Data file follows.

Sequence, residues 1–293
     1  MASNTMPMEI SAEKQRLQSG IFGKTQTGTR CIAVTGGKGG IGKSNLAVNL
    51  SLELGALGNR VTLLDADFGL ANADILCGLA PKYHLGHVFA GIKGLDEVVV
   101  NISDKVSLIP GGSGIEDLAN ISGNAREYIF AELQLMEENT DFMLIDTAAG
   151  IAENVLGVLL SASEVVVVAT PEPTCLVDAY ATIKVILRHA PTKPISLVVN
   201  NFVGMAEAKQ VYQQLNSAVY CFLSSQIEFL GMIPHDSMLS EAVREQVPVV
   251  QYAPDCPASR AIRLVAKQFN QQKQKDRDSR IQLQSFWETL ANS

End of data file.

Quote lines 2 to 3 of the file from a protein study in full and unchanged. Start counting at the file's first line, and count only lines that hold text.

     1  MASNTMPMEI SAEKQRLQSG IFGKTQTGTR CIAVTGGKGG IGKSNLAVNL
    51  SLELGALGNR VTLLDADFGL ANADILCGLA PKYHLGHVFA GIKGLDEVVV